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Football coaches reflect on rematch
by Dan Eckles
Nov 12, 2012 | 3055 views | 0 0 comments | 4 4 recommendations | email to a friend | print
Tribune photo by John Byrne - Reed tailback Ty Shepard looks to cut back as Spanish Springs defender Garrett Nauman tries to wrap up for a tackle during last Friday’s regional playoff game at RHS.
Tribune photo by John Byrne - Reed tailback Ty Shepard looks to cut back as Spanish Springs defender Garrett Nauman tries to wrap up for a tackle during last Friday’s regional playoff game at RHS.
Last Friday’s regional football semifinal between Reed and Spanish Springs was quite the emotional roller coaster. Prior to kickoff, both teams were amped up for a rematch of cross-town rivals on a huge playoff stage. Spanish Springs raced out to a big lead only to see Reed rally from an 18-point deficit and steal the postseason victory, ending the season for the SSHS gridders.

“I’ve been part of a few comeback victories, playing and coaching, in college and high school,” Reed coach Ernie Howren said. “This ranks right up there. I don’t ever remember being down three scores and coming back. To do that, to be associated with that, it’s a pretty good feeling.”

The comeback win gave Reed a berth in Friday’s Division I North championship game against Damonte Ranch. Kickoff is scheduled for 6:10 p.m. at the University of Nevada’s Mackay Stadium.

Two weeks earlier, Reed had put a 47-14 beat down on Spanish Springs, on the Cougars’ home field. However, the second go-round between the two schools was nothing like the first. Spanish Springs changed its game plan and it paid off in the form of a much more competitive rematch.

The rivals were deadlocked at 10-10 at halftime. After Reed opened the second half with a field goal to go up 13-10, the tide turned in a big way. In less than two minutes, Spanish Springs returned a kickoff for a touchdown, forced a fumble for a scoop and scored a touchdown and then forced another fumble that led to a touchdown. The Cougars turned a three-point deficit into a 31-13 advantage in a matter of seconds.

However, with more than seven minutes remaining in the contest, the Cougars could not hold on.

“I just think it was kind of a weird thing,” Spanish Springs coach Scott Hare said. “I actually think the big lead hurt us a little bit. It threw us out of our game plan and what got us the big lead. We changed what we were doing and so did Reed. It was a bunch of little things.”

The Reed rushing attack torched Spanish Springs in the regular season finale for the two schools, Oct. 25. Spanish Springs (8-4) made it a priority to slow the Raiders (9-3) ground game and it was largely successful in doing so. Facing the 18-point deficit, Reed changed offensive philosophy, often opting for a five-receiver scheme with no one in the back field. The Raiders also began to change what they showed in pre-snap sets, confusing the Cougars’ offense with new looks.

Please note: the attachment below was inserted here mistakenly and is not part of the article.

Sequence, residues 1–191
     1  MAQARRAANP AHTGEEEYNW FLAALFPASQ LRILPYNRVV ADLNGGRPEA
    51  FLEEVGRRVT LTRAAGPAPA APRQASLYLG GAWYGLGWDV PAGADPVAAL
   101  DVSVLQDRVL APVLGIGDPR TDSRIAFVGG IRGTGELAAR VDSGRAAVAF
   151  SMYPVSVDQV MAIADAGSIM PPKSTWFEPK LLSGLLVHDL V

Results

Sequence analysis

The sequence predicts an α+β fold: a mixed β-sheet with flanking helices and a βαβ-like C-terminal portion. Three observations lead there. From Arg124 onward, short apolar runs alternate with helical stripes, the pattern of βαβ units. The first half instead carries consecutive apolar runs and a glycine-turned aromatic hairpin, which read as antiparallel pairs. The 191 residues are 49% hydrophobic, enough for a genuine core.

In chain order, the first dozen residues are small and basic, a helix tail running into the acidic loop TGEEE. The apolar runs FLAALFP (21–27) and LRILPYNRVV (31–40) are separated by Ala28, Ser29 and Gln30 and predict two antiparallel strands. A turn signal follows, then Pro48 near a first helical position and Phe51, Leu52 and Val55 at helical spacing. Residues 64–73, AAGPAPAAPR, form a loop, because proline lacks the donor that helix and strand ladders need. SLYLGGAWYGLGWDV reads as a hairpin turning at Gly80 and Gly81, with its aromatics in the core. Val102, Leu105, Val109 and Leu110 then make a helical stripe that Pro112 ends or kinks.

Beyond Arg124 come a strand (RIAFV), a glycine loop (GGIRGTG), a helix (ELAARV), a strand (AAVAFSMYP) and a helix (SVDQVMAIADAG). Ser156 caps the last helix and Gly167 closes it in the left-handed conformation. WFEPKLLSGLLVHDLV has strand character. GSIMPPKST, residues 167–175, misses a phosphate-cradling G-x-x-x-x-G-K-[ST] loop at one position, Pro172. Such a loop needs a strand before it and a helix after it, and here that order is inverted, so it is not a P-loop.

“The bottom line is the adjustments I made were not as good as those Ernie made,” a frustrated Hare said. “Our game plan going in and our preparation was good. We were executing well. We got the turnovers and the score in our favor. Ernie made better adjustments and that allowed them to come back and win.

“Their defense probably showed us eight or nine different looks we hadn’t seen on film. Their offense started dropping balls underneath our coverage and when we rolled up closer, they threw over our head. They took exactly what we gave them. I must tip my hat to the Reed staff.”

Howren admitted his team made some changes, but he also stressed those changes were much less a factor in his team’s comeback than the resilient nature and poise it exhibited.

“The biggest thing and the thing I’m most proud of our kids for is they did not panic,” Howren said. “They understood we had to chip away, one play at a time. We didn’t have a 21-point play. It was going to take three scores. The kids bought into that ... As far as the scheme changes, we practice for those types of situations. If something is not working, we go to Plan B and then Plan C. That’s all based on the kids we have and that they’re able to do those kinds things.”

The RHS veteran coach was ecstatic with the way his Raiders’ defense rose to the occasion, specifically in the final 19 minutes of action. He gave it a ton of credit in holding down Spanish Springs and allowing the Blue and Gold’s offense to mount a rally. He also said a comeback win like this one can go a long way in the confidence bank.

“Our defense was tremendous,” Howren said. “The effort those kids gave was awesome. Your offense is going to make some mistakes. Those turnovers are a lot more glaring.

“You can’t put a price tag on this win, emotionally and mentally. It let’s you know you can come back down three scores. That’s always in our back pocket. We can pull it out there and say we’ve been there and done that. It’s just a huge lift for us as a program.”

Given the emotional drain of defeat, it was hard for Hare, even a few days after the loss, to see the big picture. He was saddling the blame for the loss squarely on his shoulders. Eventually, he at least found the words to look back on the season.

“It’s definitely the most successful season we’ve had,” Hare said. “The goal, the object is to win playoff games and we did that for the first time. We won eight games. We didn’t sneak into the playoffs. We handily won a playoff game.

“We really played well. We put up a lot of points and stopped other teams from scoring. We did a lot of great things. Am I disappointed it came to an end the way it did?  Yeah, but I really think the program will grow from this.”
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